2. In a Puerto Rican forest, the midstory palm Prestoea acuminata (as P. montana) prefers a valley bottom to the neighboring hill (Basnet, 1992; Johnston, 1992). Soil moisture, pH, and calcium content are highest in the bottomland, whereas soil aeration is poorest. Among these factors Johnston (1992) suggests that soil moisture determines the local distribution of P. acuminata. Because the valley bottoms at this site support lower stem densities, have fewer large trees, and have experienced more natural and human disturbance than have slopes and ridges (Basnet, 1992), increased light availability is an equally likely explanation for the high abundance of P. acuminata there, especially because canopy opening is known to increase recruitment and growth in this species in Puerto Rico (Bannister, 1970; Lugo & Batlle, 1987; Frangi & Lugo, 1998). Supporting this interpretation, P. acuminata (as P. montana) is also abundant on steep slopes in Puerto Rico (e.g., Frangi & Lugo, 1998). Although canopy openness is prob ably the most important factor favoring this species, soil moisture may also have a direct effect. Thus in Ecuador Prestoea schultzeana occurs preferentially in low-lying, poorly drained microsites, as well as in low-canopy microsites (Svenning, 1999a, 2000b). Another factor that may contribute to the occurrence of P. acuminata (as Euterpe globosa) mainly along streams at low elevations in Puerto Rico is water-mediated seed dispersal from above (Bannister, 1970).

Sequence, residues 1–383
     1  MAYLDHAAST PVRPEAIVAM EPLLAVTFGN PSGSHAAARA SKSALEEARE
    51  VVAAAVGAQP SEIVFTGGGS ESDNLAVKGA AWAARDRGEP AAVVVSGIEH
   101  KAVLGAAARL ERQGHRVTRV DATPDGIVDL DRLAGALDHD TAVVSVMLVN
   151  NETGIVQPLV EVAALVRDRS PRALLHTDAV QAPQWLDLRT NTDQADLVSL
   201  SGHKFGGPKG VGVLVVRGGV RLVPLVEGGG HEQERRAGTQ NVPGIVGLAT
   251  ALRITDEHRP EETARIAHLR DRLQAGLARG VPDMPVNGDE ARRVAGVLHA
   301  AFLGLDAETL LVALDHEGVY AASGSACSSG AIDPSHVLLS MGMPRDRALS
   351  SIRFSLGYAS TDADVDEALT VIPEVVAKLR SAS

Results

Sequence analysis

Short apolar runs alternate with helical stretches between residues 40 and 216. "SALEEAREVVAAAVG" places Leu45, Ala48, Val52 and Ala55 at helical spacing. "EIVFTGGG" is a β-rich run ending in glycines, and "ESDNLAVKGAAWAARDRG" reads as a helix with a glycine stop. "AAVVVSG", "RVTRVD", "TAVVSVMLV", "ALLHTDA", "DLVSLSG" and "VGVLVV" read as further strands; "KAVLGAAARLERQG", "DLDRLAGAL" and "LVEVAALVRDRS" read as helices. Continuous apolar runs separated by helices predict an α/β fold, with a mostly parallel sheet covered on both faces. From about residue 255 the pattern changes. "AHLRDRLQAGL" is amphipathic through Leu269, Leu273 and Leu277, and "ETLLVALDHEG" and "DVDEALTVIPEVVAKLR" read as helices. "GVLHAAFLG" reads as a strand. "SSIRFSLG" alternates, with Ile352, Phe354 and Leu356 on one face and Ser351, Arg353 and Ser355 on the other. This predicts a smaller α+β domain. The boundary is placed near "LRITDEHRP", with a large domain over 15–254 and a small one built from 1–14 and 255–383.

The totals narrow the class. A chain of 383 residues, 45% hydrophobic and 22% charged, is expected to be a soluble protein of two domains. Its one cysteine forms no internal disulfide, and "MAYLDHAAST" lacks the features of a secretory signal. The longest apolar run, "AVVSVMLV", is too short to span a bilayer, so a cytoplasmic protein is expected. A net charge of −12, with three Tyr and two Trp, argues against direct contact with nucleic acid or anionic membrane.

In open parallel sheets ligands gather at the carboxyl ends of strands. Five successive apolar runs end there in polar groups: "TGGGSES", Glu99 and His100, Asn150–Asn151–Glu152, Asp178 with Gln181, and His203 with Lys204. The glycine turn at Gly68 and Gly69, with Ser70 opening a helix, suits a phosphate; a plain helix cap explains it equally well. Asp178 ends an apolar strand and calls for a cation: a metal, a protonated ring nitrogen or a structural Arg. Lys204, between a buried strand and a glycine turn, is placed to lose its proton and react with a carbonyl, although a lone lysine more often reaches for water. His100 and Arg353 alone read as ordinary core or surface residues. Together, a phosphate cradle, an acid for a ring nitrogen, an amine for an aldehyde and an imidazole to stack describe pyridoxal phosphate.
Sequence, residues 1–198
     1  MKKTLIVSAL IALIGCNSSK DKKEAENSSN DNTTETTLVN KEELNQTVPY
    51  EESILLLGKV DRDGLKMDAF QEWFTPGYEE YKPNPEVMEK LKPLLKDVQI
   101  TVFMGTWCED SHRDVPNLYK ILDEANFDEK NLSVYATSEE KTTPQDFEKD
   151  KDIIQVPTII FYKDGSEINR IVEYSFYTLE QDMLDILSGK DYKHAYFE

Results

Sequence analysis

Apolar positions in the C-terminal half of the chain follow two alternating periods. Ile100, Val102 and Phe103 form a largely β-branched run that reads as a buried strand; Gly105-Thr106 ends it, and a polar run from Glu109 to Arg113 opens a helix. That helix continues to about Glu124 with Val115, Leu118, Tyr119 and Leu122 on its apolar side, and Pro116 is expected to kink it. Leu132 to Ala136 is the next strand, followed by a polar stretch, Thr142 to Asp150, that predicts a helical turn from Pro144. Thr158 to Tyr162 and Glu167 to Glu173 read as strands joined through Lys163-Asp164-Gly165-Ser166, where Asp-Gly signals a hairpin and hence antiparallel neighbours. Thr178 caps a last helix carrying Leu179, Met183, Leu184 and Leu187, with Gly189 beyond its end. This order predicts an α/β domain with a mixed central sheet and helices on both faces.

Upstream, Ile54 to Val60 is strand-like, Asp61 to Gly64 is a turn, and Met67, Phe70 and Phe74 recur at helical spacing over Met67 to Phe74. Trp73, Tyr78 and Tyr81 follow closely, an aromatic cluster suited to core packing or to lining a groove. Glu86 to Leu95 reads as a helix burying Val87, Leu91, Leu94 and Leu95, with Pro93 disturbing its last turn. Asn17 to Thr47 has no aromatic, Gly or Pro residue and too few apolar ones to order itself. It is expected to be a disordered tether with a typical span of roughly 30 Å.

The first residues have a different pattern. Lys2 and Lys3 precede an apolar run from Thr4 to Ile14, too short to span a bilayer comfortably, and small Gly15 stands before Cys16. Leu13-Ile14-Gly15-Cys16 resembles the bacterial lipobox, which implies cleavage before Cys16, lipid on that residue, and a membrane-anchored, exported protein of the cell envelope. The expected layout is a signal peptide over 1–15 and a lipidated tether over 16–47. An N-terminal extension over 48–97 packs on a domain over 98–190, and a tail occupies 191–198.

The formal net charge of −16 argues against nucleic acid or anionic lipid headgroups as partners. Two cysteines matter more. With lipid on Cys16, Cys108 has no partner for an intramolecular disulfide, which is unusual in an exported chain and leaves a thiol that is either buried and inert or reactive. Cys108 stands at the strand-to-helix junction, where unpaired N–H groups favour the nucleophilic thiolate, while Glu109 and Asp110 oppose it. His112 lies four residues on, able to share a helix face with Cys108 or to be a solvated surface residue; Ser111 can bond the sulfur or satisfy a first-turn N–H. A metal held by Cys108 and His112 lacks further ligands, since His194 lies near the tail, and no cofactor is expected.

3. Socratea exorrhiza is a widespread canopy or midstory palm in neotropical rain forests (Henderson et al., 1995), and the topographic patterns recorded for this species are diverse and sometimes conflicting. It is abundant in seasonal swamps in Amazonia and French Guiana (Kahn & de Granville, 1992), even preferring the low-lying, streamside microsites in these swamps (Scariot et al., 1989), and is one of the few canopy palms that is frequent in permanent swamps (Kahn & de Granville, 1992). These patterns show that it must be tolerant of waterlogged soil conditions and flooding, probably because its stilt roots function as pnematophores (Kahn & de Granville, 1992). S. exorrhiza is not restricted to these wet areas, though. It is abundant on exposed ridges of low mountains in the eastern Andean foothills of Ecuador (Svenning, pers. obs.) and also occurs in upland forests throughout its range (Yeaton, 1979; Kahn & de Granville, 1992; Chavez, 1996; Guariguata et al., 1997; Svenning, 1999a). At the Tiputini Riv er in lowland Amazonian Ecuador it exhibits an intriguing pattern: it is rather abundant on the floodplain and on a well-drained, unflooded crest bordering the river but scarce in the uplands away from the river (Svenning, pers. obs.). These diverse patterns probably reflect high light requirements for recruitment in this species. Though more shade tolerant and demanding than Attalea butyracea (as Scheelea zonensis) (Hogan, 1988; Araus & Hogan, 1994), it has been considered to have relatively high light requirement for recruitment and to behave like a gap-dependent pioneer species in uplands (e.g., Yeaton, 1979; Kahn & de Granville, 1992). The available data support the conclusion that juveniles show a strong positive growth response to high light levels (Araus & Hogan, 1994), have much faster height growth rates in an abandoned cacao plantation than in old growth forest (Rich, 1986), and are abundant in 16-18-year-old secondary forests but scarce in neighboring old-growth forests on well-drained soil (Guarig uata et al., 1997). Anatomical and architectural studies of its stem support the view that S. exorrhiza is a fast-growing pioneer species (Schatz et al., 1985; Rich, 1986). Juvenile S. exorrhiza (as S. durissima) also allocate proportionally less biomass to leaves than do juvenile Iriartea deltoidea (as I. gigantea) and juvenile, subterranean-stemmed Welfia regia (as W. georgii) (Schatz et al., 1985) and would therefore be expected to be less shade tolerant (cf. Chazdon, 1985, 1986a; Givnish, 1988). Thus the patterns of topographic preferences found in this species probably reflect a combination of high light requirements and tolerance of waterlogging and flooding, because swamp and floodplain forests are more open canopied than are upland forests (e.g., Kahn & de Granville, 1992) and because exposed crests have a higher incidence of treefall gaps.